Chloe Burton was primed for an action-packed day in Parliament after being invited to follow Richard Torbay on the day of the NSW mini-budget. She was completely unprepared, however, for the organised mayhem that was a day behind the scenes with the Speaker of the House.
Being offered the chance to follow the esteemed Speaker of the House, the Hon. Richard Torbay MP, as he navigates his way through the NSW mini-budget is an exciting prospect for a keen student of politics, and is not an opportunity that comes along often. It was with this view that I arrived at the Parliament of New South Wales in Sydney, with the hope of gaining some insight into Richard Torbay’s eventful life. It is with great admiration that I recall my experience.
9:00am I arrive at Parliament at 9:00am and enter through the door reserved for members of the public. I report to the front desk and declare a little proudly that I am expected at the Speaker’s office. I learn that while my day was just commencing, Richard was several hours into his already, having risen early to begin radio interviews at 5:40am. His appointment as the next Chancellor of UNE had created a huge amount of public interest, and the media was bound to feature strongly in the day.
9:10am Richard is due to give a welcome speech at the State Government Familiaristaion Programme. He makes his way to a conference room and confidently walks to the podium, where, without even needing to look at his notes, he has the group laughing heartily at his amusing anecdotes.
9:20am The Speaker returns to his office, and with the help of media manager Rosemary Mort, drafts a response to the mini-budget to be announced later in the day. Faxes of media reports detailing the appointment of Richard as Chancellor at UNE come through on the fax, and he and the office staff discuss their content. The NSW Treasurer calls Richard, warning that the mini-budget is a difficult one and is unlikely to meet with a positive response in Parliament.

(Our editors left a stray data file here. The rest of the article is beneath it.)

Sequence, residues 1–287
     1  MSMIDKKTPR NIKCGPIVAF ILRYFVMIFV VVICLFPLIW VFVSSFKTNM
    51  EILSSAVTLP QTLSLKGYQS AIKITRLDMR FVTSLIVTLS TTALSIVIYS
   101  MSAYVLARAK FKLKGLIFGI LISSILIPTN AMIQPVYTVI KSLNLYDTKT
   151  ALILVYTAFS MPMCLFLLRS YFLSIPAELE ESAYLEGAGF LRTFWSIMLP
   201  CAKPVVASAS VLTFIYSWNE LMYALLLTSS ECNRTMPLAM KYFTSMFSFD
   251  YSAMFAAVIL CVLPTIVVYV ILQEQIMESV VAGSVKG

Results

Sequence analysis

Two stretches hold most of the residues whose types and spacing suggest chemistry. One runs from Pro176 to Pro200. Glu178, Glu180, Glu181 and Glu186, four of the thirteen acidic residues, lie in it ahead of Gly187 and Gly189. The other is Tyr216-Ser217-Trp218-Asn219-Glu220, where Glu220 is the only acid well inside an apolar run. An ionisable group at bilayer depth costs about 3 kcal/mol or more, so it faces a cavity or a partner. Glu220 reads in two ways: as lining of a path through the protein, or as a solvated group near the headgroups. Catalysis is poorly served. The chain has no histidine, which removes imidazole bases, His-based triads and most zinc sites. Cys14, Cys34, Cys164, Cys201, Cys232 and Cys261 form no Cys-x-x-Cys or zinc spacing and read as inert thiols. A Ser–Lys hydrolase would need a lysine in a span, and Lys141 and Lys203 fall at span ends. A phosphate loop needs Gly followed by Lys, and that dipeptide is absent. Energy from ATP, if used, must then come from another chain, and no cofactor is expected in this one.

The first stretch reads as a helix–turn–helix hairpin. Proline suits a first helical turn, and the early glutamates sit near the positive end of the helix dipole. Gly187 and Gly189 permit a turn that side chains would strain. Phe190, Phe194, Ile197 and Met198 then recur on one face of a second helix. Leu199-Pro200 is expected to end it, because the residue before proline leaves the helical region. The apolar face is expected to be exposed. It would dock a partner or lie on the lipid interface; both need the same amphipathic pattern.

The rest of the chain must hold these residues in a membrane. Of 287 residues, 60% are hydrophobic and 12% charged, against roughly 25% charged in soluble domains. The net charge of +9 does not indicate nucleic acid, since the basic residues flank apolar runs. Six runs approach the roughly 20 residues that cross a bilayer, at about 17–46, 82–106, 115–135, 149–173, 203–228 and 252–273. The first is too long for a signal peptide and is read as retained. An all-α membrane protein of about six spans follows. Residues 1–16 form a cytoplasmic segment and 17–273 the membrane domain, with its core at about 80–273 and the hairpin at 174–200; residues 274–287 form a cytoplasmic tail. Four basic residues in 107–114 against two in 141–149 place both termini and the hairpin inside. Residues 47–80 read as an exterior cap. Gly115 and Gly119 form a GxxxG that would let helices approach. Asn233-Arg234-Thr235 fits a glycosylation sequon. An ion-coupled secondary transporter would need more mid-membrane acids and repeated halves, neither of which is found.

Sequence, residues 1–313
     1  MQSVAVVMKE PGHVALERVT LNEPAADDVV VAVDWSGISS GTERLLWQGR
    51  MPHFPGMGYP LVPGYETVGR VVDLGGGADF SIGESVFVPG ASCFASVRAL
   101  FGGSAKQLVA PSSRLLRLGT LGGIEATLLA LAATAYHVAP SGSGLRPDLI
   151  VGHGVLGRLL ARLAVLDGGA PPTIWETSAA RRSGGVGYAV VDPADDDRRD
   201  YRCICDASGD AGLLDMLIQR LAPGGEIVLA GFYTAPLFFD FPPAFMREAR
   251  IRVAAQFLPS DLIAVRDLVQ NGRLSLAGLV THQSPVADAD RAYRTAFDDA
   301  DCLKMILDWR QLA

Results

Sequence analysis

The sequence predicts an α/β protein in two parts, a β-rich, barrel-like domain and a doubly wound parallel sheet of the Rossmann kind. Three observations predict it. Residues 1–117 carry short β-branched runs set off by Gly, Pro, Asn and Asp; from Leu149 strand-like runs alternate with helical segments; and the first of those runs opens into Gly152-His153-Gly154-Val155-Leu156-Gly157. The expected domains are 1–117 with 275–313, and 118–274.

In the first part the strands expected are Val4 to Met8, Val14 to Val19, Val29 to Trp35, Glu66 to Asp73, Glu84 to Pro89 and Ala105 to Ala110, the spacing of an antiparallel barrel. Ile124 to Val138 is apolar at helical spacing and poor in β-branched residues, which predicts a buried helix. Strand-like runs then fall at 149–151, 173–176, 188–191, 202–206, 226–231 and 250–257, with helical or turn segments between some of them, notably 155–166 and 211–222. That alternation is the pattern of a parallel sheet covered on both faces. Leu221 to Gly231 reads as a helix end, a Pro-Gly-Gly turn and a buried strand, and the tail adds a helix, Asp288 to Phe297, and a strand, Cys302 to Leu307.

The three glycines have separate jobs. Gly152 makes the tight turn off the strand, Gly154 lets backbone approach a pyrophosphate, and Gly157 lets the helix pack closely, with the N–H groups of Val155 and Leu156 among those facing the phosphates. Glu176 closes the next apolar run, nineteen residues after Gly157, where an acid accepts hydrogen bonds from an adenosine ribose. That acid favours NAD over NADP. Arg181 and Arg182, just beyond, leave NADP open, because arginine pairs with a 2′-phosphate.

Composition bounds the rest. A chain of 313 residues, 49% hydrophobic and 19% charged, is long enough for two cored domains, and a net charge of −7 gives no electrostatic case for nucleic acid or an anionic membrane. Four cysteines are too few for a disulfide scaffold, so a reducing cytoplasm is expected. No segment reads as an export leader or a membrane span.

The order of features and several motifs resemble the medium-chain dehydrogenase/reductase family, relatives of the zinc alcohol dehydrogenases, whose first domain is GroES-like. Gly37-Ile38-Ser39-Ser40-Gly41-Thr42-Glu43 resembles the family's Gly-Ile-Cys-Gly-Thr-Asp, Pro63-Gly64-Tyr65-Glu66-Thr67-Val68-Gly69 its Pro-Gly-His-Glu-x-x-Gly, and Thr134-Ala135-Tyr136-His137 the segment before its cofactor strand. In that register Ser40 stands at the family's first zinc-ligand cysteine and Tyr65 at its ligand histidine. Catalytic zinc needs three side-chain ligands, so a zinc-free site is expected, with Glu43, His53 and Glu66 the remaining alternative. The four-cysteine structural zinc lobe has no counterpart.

9:40am Richard checks his Blackberry to find that he has 27 messages. Making a list of each one, he begins to return the calls, but is interrupted by Parliamentarians dropping into or calling the office to ask about procedural and other matters. Richard’s open door policy when it comes to these matters and his position as an Independent make him approachable to all members of Parliament.
10:10am A wreath is delivered to the office, and Richard prepares to walk to the 90th Anniversary Remembrance Day Service to be held at The Cenotaph in Martin Place. Arriving at the Cenotaph, Richard is appropriately seated in the front row between Premier Nathan Rees and Opposition Leader Barry O’Farrell. With television cameras rolling, Richard lays his wreath on behalf of the Parliament. After the service, we walk back up the hill to Parliament. I am surprised to be surrounded by members of both the Government and the Opposition, who are chatting amiably and making jokes. Richard assures me that question time won’t be quite so friendly, with fireworks expected following the mini-budget announcement. I am rather star struck when Lord Mayor of Sydney, Clover Moore joins the group and chats to Richard on the way back to Parliament.
11:55am The bells sound for the MPs to make their way to the legislature for the mini-budget announcement, and I take a seat in the public gallery to watch. Most of the details had been released in the morning’s papers, but Treasurer Eric Roozendaal is challenged with the task of announcing the details while facing a cantankerous Opposition. When he begins his speech by outlining the difficult economic circumstances in which the budget was created, it is clear that there are aspects that will not be well received by the Opposition and public. Although I am later told that the sitting was unexpectedly tame, Richard expertly silenced interjections with cries of “Order! The House will come to order!” and at one point demanded that “Members will cease calling out! We might be able to hear what the Treasurer is in fact announcing.”